“Patriotism, as I understand it, is a combination of love of country, pride in its history, traditions and culture, and a determination to add to its prestige and achievements” -Lemass
Welcome to my website. I hope that it can be a useful resource in staying up to date with my work on your behalf in Seanad Eireann as Deputy Leader of Fianna Fáil and Spokesperson for Foreign Affairs, the Irish Overseas and Diaspora.
If you have any queries, questions or ideas please do not hesitate to contact me.
Is mise le meas,
Senator Mark Daly
Seanadóir Marcus O’Dalaigh
Legislation that will give official recognition to sign language for the first time will move closer to becoming law when it is debated in the Dáil.
The bill, which was initiated by Fianna Fáil Senator Mark Daly in the Seanad last year, is set to pass all stages in the Dáil tonight.
It is expected to be signed into law within days by President Michael D Higgins.
Sign language is used by 50,000 members of the deaf community and thousands of others to communicate with them.
The passing of the Irish Sign Language for the Deaf Community Bill would mean that deaf people would be able to access State services in their own language.
Every public body would have to devise and implement an action plan to promote the use of sign language within the organisation.
The bill advocates better access to education through sign language and the provision of classes for the parents of deaf children.
It would also permit the use of sign language within the courts.
Statutory targets regarding the accessibility of TV programming would be introduced.
The bill, which the deaf community has spent decades campaigning for, advocates the establishment of an Irish Sign Language Council.
The new body would regulate sign language interpreters, teachers and deaf interpreters.
Speaking on RTÉ’s Morning Ireland, Senator Daly said the Bill will have a major impact and will end the extreme marginalisation of the deaf community.
Mr Daly said he expects there will be a transition period of a number of years as there are not enough sign language interpreters available in Ireland.
“What we are doing is making sure there is a register of interpreters available,” he added.
He said situations of having “not up-to-scratch interpreters” has happened in Ireland in the past and this Bill will make sure there is a list of interpreters who are up to standard.
He said until now many people in the deaf community have been left isolated as they have had no right of access to Government services.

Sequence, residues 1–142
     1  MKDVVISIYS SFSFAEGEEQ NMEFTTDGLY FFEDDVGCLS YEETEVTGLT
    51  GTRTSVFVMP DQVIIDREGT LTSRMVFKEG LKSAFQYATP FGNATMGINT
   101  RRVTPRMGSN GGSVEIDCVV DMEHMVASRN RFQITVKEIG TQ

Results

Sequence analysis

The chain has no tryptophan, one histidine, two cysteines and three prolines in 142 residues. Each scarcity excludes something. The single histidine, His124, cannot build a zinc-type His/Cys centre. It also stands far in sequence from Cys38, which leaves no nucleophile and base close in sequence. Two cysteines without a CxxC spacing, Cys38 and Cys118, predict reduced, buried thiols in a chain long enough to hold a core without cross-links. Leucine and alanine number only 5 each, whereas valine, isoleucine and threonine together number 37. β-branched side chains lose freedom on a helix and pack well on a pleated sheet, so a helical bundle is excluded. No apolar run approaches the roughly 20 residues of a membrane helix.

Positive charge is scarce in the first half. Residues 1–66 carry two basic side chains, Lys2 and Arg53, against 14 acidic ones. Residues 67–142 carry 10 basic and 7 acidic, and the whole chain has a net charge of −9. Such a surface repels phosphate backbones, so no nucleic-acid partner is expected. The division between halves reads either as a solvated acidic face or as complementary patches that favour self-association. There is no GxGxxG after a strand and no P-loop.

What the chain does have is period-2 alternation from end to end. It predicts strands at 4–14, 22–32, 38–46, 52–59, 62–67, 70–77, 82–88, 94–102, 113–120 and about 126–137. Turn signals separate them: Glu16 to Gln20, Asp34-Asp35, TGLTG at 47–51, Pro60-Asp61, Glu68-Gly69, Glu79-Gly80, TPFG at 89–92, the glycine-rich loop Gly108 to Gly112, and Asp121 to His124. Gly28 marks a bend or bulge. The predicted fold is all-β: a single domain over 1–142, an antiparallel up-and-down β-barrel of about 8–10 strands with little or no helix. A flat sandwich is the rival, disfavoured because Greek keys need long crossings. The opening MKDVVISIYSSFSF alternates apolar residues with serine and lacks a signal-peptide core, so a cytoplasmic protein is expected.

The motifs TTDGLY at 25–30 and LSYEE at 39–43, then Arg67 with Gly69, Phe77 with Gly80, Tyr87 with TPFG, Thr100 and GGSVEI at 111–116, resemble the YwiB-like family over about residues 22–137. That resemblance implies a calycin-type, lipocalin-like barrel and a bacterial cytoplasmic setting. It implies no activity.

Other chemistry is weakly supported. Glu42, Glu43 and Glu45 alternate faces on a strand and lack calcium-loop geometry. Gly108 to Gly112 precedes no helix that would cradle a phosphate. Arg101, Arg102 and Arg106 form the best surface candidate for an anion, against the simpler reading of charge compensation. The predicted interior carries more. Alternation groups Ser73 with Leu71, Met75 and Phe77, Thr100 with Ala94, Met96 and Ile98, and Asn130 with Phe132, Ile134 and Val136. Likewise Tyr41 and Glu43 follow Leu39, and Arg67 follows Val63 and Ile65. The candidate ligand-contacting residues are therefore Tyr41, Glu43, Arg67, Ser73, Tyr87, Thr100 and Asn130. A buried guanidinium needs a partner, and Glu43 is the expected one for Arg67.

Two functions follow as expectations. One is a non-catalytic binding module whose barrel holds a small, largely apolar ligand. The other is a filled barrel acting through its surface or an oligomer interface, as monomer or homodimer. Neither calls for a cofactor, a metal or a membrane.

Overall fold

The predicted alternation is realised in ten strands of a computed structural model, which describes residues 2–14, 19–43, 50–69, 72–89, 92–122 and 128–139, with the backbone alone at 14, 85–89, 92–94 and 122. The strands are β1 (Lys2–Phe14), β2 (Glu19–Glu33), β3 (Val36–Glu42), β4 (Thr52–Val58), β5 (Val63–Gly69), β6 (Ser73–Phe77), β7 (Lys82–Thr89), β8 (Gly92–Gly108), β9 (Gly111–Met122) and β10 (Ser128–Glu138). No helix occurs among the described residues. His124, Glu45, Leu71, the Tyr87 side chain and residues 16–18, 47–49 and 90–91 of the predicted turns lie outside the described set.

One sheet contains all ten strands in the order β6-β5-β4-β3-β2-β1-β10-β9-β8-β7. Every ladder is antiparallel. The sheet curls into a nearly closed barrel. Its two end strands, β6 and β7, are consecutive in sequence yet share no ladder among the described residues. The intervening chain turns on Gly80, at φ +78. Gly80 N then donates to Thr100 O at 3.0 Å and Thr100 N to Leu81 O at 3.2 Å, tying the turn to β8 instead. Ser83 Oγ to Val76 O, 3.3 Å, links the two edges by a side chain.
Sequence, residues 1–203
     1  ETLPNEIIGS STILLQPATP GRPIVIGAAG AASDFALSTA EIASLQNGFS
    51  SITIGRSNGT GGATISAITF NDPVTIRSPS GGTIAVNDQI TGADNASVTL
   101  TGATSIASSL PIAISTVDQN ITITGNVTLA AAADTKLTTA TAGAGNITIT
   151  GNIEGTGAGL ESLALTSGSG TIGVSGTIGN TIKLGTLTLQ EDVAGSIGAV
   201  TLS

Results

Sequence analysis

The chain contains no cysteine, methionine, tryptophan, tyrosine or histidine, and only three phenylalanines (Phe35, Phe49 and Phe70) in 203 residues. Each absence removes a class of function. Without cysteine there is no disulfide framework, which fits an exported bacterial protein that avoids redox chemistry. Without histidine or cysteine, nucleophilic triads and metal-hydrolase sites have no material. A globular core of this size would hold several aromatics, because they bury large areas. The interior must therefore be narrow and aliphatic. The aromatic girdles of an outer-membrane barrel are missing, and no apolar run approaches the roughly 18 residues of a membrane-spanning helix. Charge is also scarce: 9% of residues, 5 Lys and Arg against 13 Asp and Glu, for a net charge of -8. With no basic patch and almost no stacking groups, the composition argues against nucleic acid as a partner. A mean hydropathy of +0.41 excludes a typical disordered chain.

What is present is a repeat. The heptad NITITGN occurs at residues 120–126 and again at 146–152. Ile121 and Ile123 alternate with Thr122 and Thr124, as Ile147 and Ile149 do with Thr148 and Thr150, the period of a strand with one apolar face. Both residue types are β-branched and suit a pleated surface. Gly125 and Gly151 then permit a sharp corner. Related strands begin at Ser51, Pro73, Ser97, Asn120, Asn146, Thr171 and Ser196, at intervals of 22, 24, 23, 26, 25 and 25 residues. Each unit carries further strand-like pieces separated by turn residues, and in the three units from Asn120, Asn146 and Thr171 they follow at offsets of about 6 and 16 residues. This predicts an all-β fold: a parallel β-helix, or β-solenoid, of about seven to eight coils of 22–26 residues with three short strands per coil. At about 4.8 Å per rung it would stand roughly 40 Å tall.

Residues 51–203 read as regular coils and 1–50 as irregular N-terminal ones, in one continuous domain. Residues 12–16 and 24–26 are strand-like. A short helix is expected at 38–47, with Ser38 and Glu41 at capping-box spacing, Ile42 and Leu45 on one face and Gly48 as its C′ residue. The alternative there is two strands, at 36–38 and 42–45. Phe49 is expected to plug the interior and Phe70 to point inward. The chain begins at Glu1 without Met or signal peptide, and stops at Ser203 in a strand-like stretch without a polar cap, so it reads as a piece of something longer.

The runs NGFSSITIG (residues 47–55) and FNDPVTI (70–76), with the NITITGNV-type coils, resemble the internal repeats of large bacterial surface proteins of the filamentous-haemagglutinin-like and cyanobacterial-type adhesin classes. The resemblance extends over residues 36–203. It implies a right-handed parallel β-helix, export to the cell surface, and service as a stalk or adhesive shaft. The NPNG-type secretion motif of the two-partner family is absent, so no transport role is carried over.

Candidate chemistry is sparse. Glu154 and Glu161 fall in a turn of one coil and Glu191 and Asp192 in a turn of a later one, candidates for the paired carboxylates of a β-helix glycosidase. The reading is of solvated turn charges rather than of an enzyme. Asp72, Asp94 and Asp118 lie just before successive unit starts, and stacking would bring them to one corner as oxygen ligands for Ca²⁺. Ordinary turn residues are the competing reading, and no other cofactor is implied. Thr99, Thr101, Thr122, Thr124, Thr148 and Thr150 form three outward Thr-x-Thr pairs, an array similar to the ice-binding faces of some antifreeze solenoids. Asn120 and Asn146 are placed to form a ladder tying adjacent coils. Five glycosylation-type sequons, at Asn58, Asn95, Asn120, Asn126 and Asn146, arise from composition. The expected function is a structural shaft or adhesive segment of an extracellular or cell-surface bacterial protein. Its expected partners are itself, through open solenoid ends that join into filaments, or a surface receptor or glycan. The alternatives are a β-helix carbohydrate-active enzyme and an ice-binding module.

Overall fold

Amhrán na bhFiann is Ireland’s hymn and “must be legally protected for our future generations”, the grandson of Peadar Kearney, the man who penned the national anthem, has told a Seanad committee.
Conall Kearney was addressing the committee conducting a public consultation on the status, treatment and use of the national anthem.
Mr Kearney said: “Both the English and Irish version of Amhrán na bhFiann/The Soldiers’ Song must be given the respect, dignity and protection it so rightfully deserves.”
He was speaking as the committee considered calls by Fianna Fáil Senator Mark Daly for the State to renew copyright on the anthem, which ended 2012, 70 years after after the death of Mr Kearney.
Mr Daly said the anthem no longer had any formal recognition by the State in legislation.
He has criticised the use of the anthem for commercial use including a campaign for a range of clothes in which phrases from the song were used on T-shirts.
He said unlike the harp and flag, it was the only national symbol not protected by copyright.
Mr Kearney said his grandfather wrote the lyrics of the song in late 1910 or early 1911 and not as mistakenly believed in 1907. He quoted from an affidavit or sworn statement Mr Kearney made in 1926 when the State adopted Amhrán na bhFiann as the national anthem.
He also pointed to “stand out” moments when the anthem was sung including “when it was sung by the volunteers as they marched into the GPO on Easter Monday 1915 when Pearse proclaimed a free and independent Ireland”, and when Ireland played England at rugby in Croke Park in 2007.
Mr Kearney said “our identity as a nation and as citizens is defined by our history. The Soldiers’ Song/Amhrán na bhFiann links us to our history and therefore our identity”.
Director of the Defence Forces School of Music Lt Col Mark Armstrong, in a statement to the committee, said the music adopted by the executive council on July 12th 1926 as the Irish national anthem and played on the day by the Army No1 band “remains substantially the same as that performed today”.
Ireland’s national anthem should be legally protected and guidelines for its use need to be drawn up, a Seanad committee has heard.
The copyright for Amhrán na bhFiann/The Soldier’s Song expired at the end of 2012 and a Seanad committee was set up to protect it from inappropriate use and to look at drafting guidelines for its use.
Conal Kearney, grandson of Peadar Kearney who wrote the lyrics in late 1909 or 1910, told the committee that both the English and Irish version of the anthem must “be given the respect, dignity and protection, it so rightly deserves.”
He described his grandfather as a visionary and revolutionary.
He said: “Our identity as a nation and as citizens is defined by our history. The Soldier’s Song/Amhrán na bhFiann links us to our history and therefore our identity.”
On 1 January 2013, the anthem fell out of copyright protection and at that time Fianna Fáil Senator Mark Daly proposed legislation to protect it.
It is out of that proposal that the current public consultation has come about.
He told the committee today that the anthem belongs to everybody and “is a key symbol of the State and is worthy of our protection”.